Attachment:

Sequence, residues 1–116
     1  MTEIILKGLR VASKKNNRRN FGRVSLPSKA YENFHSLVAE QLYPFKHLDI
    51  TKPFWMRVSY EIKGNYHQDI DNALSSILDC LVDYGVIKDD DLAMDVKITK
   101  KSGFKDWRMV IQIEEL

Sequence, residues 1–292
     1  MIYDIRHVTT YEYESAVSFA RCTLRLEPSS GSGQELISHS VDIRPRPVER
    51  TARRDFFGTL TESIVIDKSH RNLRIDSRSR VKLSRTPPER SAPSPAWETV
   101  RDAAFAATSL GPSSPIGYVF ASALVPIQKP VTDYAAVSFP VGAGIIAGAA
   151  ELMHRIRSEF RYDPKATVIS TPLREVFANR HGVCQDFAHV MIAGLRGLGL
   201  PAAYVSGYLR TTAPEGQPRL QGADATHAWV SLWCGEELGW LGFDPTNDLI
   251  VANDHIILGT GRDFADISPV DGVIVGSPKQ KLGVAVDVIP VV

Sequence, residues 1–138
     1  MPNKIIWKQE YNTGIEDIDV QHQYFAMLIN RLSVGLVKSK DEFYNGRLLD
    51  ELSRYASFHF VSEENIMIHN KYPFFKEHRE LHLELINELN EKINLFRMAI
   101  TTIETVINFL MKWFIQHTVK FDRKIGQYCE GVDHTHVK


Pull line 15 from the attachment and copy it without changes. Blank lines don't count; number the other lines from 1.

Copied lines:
   101  TTIETVINFL MKWFIQHTVK FDRKIGQYCE GVDHTHVK